Sharon Lee & Steve Miller
Baen Books Riverdale, NY 2013
I really enjoy the Liaden Universe stories. These are multi-cultural, political intrigue, space operas. The world is rich in character, deep in allusion and insightful in language development. It’s not often that I get this tied up in serial novels. As much as I hate to wait for the next installment I’m happy to dive back into the Machiavellian system of Liaden politics.
Most of the books in the series stand alone. There are a number of editions compiled with the stories featuring one character or another. The generational history of the Korval Clan has been laid out over the many years that Sharon Lee and Steve Miller have been writing together.
This book does have its own story. But in the realm of the world of Liaden Necessity’s Child is not the best introduction. The multitude of characters and references were overwhelming even to me at the start of the novel. There is certainly a lot of “catching up” that isn’t done even as the scope of the clan is demonstrated.
The story is an interlude, an introduction to the next generation of Korval. There are plot elements that hinge on at least some familiarity with the reason for Plan B and its subsequent fall out. There are scenes that serve to allude to what those familiar with Korval will see as a brilliant mind for navigational calculation in young Syl Vor. Melanti, a critical concept to the culture, is loosely demonstrated and never explained. Even the impact of the conditioning Rys has suffered as an Agent of Change is largely dependent on having seen Val Con yos’Phelium go through it in an earlier novel.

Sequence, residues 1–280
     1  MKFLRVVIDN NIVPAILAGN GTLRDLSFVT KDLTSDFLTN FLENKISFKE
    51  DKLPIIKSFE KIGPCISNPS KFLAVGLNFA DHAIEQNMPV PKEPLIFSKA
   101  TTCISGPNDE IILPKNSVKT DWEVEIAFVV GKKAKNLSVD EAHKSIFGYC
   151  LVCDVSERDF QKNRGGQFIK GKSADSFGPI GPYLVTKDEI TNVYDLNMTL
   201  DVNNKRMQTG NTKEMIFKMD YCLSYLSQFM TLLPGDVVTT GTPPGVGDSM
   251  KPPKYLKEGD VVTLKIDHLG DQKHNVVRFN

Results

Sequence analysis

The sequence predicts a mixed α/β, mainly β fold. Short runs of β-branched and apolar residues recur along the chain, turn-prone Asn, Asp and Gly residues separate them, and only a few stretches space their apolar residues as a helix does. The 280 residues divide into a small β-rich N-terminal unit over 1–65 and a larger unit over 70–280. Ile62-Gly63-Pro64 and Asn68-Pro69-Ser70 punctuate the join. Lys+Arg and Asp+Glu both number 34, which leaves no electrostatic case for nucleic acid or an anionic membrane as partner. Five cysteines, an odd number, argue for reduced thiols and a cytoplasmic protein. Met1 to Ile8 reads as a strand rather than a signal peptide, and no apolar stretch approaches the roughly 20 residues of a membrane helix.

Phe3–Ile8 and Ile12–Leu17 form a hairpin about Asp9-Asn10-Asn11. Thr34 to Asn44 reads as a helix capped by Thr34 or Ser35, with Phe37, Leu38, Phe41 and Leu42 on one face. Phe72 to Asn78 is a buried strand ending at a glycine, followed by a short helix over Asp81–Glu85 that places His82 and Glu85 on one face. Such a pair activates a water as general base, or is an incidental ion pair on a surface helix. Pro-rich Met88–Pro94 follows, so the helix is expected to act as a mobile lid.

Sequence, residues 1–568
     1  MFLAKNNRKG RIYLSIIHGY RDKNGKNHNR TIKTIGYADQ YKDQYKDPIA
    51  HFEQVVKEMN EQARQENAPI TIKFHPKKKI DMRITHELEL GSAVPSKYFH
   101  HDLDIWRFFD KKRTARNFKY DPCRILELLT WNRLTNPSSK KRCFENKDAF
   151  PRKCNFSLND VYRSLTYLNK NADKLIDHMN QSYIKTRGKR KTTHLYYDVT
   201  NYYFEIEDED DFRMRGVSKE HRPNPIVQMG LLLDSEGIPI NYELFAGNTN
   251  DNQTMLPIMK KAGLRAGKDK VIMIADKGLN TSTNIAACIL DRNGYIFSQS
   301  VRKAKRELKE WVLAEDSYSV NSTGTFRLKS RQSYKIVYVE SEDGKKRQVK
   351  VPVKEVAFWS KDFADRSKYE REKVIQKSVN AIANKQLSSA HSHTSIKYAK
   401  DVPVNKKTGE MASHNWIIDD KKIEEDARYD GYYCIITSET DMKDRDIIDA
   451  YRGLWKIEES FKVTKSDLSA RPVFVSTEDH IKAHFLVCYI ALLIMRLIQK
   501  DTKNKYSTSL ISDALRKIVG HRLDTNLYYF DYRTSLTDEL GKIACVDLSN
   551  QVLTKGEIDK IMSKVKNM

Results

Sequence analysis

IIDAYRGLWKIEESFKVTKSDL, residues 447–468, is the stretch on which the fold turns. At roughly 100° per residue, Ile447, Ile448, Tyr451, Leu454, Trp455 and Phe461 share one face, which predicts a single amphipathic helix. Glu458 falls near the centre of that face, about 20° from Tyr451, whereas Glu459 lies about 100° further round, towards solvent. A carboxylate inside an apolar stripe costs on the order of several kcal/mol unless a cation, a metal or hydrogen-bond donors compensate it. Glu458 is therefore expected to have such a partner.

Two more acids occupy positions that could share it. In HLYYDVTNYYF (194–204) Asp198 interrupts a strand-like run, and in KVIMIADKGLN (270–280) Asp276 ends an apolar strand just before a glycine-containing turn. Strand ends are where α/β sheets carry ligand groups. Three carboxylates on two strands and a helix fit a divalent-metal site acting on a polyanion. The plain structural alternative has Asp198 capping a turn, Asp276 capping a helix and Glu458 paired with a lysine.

In particular is a scene where Syl Vor’s math tutor pushes him to solving a problem and then demands a proof. His mother fires the tutor and offers to take on his instruction herself until a replacement can be found. She says, “And I will look forward to learning from you, my son.” The suspicion is that Syl Vor’s answers were confounding the tutor and she was pushing him to find the error where her own comprehension failed. In review Syl Vor’s mother recognizes brilliance and sees that she too has something to learn from Syl Vor. But none of that is clear save that I have read so much of the work in the series.
There are many questions left about the underworld (that’s literal) culture being introduced in this novel. The relationship that they have with the Liaden is hinted at, but not clarified in any way. The way that the Bedel hold to their clan is reminiscent of both the Romany and the Liaden. Where the Korval line’s psychic strength comes from their Irish roots (and their relationship to the tree, another thing shown but not to any furthering of the story) the Bedel may have their roots in the Baltics or even in Asia Minor.
As an introduction to a character who promises to expand the Koval empire, this book is a gem. As an introduction to the world of the Liaden Universe it is a total flop. If you are intrigued I highly recommend looking at some of the older material or one of the compilations.